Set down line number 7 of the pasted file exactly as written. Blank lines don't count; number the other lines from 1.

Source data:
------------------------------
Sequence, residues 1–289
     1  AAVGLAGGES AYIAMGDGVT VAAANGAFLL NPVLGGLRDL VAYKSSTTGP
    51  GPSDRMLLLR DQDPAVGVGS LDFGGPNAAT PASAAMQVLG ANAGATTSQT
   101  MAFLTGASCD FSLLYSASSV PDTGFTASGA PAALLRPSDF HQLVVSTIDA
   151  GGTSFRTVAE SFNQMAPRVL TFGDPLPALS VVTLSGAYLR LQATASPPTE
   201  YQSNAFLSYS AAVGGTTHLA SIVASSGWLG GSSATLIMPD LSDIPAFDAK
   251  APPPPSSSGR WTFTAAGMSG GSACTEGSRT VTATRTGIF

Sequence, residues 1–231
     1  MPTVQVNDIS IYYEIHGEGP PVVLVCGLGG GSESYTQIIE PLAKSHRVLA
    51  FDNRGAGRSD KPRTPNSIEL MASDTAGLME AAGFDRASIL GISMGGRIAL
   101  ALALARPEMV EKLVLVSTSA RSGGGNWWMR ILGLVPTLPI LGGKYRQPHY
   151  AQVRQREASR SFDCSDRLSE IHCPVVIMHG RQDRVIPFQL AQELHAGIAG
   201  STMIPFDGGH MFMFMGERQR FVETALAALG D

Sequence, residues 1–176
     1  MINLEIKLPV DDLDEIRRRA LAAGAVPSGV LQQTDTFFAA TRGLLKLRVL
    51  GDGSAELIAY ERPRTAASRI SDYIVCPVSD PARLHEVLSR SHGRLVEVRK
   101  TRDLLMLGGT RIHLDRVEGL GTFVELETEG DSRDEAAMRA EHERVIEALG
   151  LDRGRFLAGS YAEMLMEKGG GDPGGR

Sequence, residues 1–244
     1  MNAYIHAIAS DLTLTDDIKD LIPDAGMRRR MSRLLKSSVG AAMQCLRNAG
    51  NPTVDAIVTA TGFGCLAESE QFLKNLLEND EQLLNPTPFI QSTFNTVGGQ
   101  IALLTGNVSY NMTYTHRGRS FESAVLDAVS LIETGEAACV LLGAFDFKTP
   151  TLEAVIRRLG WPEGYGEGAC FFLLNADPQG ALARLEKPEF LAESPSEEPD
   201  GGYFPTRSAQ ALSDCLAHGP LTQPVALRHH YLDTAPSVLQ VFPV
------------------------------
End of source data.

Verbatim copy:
   251  APPPPSSSGR WTFTAAGMSG GSACTEGSRT VTATRTGIF